‘A direct threat to our democracy’
Across state and country, groups call on Congress to rein in Trump
GREENWICH — Calling the “rule of law” at stake, nearly 300 people gathered at Greenwich Town Hall Thursday evening to demand that Congress protect special counsel Robert Mueller’s investigation into President Donald Trump.
“When the president controls or takes steps to end a lawful investigation, particularly when that investigation is into his own behavior, that is a direct threat to our democracy,” said Joanna Swomley, co-founder of Indivisible Greenwich.
“We need our Congress, which is the only body with the constitutional power and obligation to reign the president in, to do so. Our presence here tonight and the presence of our fellow Americans across the country sends a message to our representatives that we want them to act now,” she said.
The protest in Greenwich — one of hundreds held across the country — was put into action after Trump asked for and received the resignation of Attorney General Jeff Sessions on Wednesday, the day after the midterm elections. Trump had repeatedly criticized Sessions for recusing himself from overseeing Mueller’s investigation into Trump and Russian interference in the 2016 presidential election.
Nine hundred groups took part in protests nationally, including 14 in Connecticut, led by Indivisible, Move On and other activist groups, said Swomley.
“We should take heart that so many of us are here standing today,” Indivisible Greenwich co-founder Nerlyn Pierson said. “Not just in Greenwich but in the entire state and in the entire country, fighting to protect our country and our democracy. Let this show of solidarity strengthen our resolve and energize us for what is to come in the days and weeks ahead.”
This was not the first protest in town for Indivisible, which was formed in 2016 after Trump’s victory. The group has demonstrated at Town Hall against the Trump administration’s immigration policy, and held a “teach-in” on Greenwich Avenue last year to protest efforts to overturn the Affordable Care Act.
The group became a major player in municipal elections last year, driving unprecedented performances by Democrats in local offices. That trend continued Tuesday when Greenwich elected its first representative to the state House in a century, and its first Democrat to the state Senate since 1930.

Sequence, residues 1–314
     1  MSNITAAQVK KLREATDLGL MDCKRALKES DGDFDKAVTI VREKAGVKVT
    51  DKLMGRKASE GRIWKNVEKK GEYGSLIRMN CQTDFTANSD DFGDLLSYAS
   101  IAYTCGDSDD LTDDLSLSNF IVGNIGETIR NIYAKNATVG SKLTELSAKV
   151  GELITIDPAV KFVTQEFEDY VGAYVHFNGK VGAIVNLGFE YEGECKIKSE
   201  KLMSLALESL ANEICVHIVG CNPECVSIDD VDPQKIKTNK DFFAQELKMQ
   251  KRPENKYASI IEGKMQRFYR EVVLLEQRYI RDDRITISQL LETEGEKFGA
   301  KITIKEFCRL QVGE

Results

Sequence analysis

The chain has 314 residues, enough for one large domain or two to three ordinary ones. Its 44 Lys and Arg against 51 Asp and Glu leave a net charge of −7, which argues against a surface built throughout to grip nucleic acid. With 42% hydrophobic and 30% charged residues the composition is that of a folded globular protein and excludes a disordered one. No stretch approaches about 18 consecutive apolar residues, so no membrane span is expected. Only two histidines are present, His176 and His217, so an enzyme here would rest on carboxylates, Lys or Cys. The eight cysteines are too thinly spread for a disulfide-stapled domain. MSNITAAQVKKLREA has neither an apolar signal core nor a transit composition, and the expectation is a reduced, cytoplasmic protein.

Both houses picked up Democratic seats as Ned Lamont, a Democrat from Greenwich, was elected governor.
The gains by Democrats were applauded by several speakers at the rally, including U.S. Rep. Jim Himes, D-4th, also a Greenwich resident, addressed members of the Republican Party.
“You have to listen to the people of Connecticut and see what happened Tuesday night,” Himes said. “I know it is hard to break with your president, but look at what happened on Tuesday night. You can differentiate yourselves and show your thoughtful independence if you are a proud Republican — but stand with all of us on the essential topic of preserving the foundational democracy that allows us to have the partisan argument that makes this country strong.”
Swomley told the crowd the subject at hand went beyond partisan politics.
“This is not a Democrat issue and it is not a Republican issue,” she said to loud applause. “This is an American issue. This is an issue about the rule of law, the constitution and of our very democracy.”
Other cities and towns in the state that hosted protests included Norwalk, New Haven, Danbury and Fairfield.
In Norwalk, close to 200 protestors were about to disperse from the Norwalk Green when a small group of counter protestors appeared across the street, on East Avenue.
The counter group wielded an American flag and a traffic cone, which members used as a bullhorn to chant “Lock her up” and other messages. A large group of those rallying on the Green crossed the road, interrupting traffic. The two camps stood feet apart as the counter protesters — four men — made sexist and racist comments toward the group rallying to protect Mueller. Police units were called to the Green, and both sides shouted profanities at one another as officers looked on.
Around 5:45 p.m., the demonstration broke up without any violence.